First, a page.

Amid this minor chaos, Premier took the reins, scratching frantically on several soul, jazz, and mood records before dropping a few seconds of the underground hip-hop classic he’d made each of them into. This morphed into a kind of “guess that sample” (a/k/a “How well do you know my hits?”) game, covering tracks from Mobb Deep’s “Shook Ones, Part 2” to Biggie’s “Ten Crack Commandments.” Everyone seemed to take the challenge seriously, but a loud cry of “You motherfuckers don’t know your hip-hop!” rang out from the back of the house in a brief pocket of silence. At moments like this, “real hip-hop” fanaticism (upon which the proceedings were, in some latent way, dependent) reared its head.
On the next page: A Brooklyn MC rises to the occasion and Nineties hip-hop vibes prevail.[
This was also relevant to the treatment, and perhaps the billing order, of the openers. Boldy James and Your Old Droog were apt choices for support for the tour stylistically. Both acts bear close associations to Nas: James is signed to his label, Mass Appeal, and Droog was once, by Soundcloud conspiracy theorists, mistaken for him. In Detroit’s current hip-hop landscape, James is something of a bastion of what might be called traditional lyricism, operating in a lane entirely distinct from that of alt-minded omnivores like Danny Brown and Quelle Chris or the blunt-nosed street rap of acts like Doughboyz Cashout and Icewear Vezzo. His approach, though equally indebted to Nas and ‘Pac, is of a totally different stripe from an artist like Royce: James maintains a monotone, admits no unnecessary words, and gets extra mileage out of his hook-writing abilities. He’s a reticent, unflashy performer (though imposing, at nearly 6’6″). The crowd was seemingly unimpressed by his reserved and frill-less flow and periodic use of trap beats; even a quick word of praise from Statik Selektah, who nobly walked on for a minute to introduce collaborative track “Something to Cry For,” didn’t seem to help. James seemed unfazed by the silence in between songs, although his parting line — “I’m Boldy James, just another drug rapper” — seemed petulant as much as pithy and self-effacing.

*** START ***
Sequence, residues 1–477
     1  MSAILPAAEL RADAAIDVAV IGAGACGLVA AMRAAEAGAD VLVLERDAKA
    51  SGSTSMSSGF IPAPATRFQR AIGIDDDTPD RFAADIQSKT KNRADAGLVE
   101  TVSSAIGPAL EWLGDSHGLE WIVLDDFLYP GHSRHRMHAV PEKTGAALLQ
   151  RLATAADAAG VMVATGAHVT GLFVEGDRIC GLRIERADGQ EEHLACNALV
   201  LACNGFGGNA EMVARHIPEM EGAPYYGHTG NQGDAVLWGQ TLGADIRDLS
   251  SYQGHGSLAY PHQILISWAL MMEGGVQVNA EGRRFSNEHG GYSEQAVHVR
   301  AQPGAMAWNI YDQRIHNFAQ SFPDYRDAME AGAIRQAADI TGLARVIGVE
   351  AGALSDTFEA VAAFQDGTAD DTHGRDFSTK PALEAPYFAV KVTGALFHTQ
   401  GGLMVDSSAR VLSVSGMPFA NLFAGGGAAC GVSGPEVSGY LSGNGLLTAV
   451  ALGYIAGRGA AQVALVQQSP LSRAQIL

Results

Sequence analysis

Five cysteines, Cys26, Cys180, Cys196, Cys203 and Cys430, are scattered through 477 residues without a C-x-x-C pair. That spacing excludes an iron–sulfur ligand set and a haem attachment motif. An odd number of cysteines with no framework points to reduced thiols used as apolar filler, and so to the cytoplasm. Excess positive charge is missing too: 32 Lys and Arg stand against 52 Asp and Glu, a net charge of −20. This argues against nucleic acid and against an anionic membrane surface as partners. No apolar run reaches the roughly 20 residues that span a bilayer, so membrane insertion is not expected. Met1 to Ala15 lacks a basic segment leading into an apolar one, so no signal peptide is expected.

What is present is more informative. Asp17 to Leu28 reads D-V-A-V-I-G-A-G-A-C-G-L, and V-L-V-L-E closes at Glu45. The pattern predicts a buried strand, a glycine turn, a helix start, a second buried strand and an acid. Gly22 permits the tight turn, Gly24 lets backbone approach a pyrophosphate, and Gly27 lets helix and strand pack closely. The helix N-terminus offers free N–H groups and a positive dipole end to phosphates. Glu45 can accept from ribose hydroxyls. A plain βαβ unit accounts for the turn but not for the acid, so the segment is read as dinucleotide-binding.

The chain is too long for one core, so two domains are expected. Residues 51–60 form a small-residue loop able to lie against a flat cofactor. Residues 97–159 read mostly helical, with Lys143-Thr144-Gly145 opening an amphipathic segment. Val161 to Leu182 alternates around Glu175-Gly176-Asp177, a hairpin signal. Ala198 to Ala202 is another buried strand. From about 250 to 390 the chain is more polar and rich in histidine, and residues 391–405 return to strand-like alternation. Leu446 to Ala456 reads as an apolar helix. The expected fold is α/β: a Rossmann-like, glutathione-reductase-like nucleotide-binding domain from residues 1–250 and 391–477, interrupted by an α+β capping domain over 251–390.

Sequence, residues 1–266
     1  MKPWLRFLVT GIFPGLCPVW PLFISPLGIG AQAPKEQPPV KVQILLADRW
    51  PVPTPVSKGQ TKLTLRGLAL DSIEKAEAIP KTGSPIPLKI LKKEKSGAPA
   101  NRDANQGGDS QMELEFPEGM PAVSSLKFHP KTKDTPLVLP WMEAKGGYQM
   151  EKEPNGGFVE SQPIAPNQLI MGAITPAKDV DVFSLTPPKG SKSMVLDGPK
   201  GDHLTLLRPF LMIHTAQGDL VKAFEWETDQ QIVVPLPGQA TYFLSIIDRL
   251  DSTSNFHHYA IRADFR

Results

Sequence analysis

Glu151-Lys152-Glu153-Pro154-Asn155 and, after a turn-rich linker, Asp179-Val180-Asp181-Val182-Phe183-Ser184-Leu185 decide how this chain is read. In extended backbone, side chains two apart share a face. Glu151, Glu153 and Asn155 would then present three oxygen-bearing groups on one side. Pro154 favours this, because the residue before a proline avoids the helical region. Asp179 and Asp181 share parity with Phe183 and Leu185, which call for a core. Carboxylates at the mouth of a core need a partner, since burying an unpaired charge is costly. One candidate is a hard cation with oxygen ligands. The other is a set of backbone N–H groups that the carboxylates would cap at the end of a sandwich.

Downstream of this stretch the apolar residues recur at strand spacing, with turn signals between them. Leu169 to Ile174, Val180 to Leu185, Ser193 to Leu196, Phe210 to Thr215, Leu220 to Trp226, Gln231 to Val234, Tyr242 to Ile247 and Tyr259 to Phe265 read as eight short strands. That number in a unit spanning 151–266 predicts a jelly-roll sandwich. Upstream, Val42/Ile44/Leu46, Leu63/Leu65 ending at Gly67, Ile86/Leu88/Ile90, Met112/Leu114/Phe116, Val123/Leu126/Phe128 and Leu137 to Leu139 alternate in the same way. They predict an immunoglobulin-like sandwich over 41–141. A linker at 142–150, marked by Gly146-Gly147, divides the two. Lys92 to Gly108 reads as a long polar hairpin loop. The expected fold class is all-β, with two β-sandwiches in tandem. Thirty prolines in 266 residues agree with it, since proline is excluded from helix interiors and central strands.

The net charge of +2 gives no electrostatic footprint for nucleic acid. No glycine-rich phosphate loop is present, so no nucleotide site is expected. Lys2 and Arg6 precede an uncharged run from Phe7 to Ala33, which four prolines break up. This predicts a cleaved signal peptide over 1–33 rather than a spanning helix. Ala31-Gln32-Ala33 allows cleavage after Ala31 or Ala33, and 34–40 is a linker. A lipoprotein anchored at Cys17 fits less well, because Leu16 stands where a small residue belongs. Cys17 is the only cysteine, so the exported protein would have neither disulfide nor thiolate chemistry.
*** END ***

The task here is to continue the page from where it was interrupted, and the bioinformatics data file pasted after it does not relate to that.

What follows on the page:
Your Old Droog’s songs, on the very other hand, detach from the sharply focused narratives and melancholic worldview that anchor James’s music and embrace the formal intricacies of classic Nineties East Coast hip-hop records instead. Onstage, the 25-year-old Ukrainian-American MC demonstrated himself to be a practiced entertainer, antagonizing and sparring with the audience to their apparent delight, yelling rather than adopting his studio mutter and signaling his changes in lyrical direction by pointing at odd angles. As this was a hometown show (Droog hails from Brooklyn), the crowd’s enthusiasm at the top of his set was high, especially during his horn-driven anthem “Bad to the Bone.” After a few too many Biggie-nod “Get live, motherfucker” breaks and dense strings of puns, it seemed that the initial shock and delight began to wear off for the house majority.
From the acts on the bill to the energy of the entire assemblage, PRhyme’s NYC showing provided something of a panoramic view of trad hip-hop today, showcasing the wheat, the oddball chaff, and everything in between. These were intimate, high-energy rap performances unencumbered by hypemen and excessive fan service. The night as a whole represented a powerful force in the hip-hop community, one intent on making preparations for the future by preserving time-tested practices rather than reconstituting them. But as Royce put it in his closing statements, it’s (ideally) not about rejecting the other music that’s out there, but simply offering people another “choice.”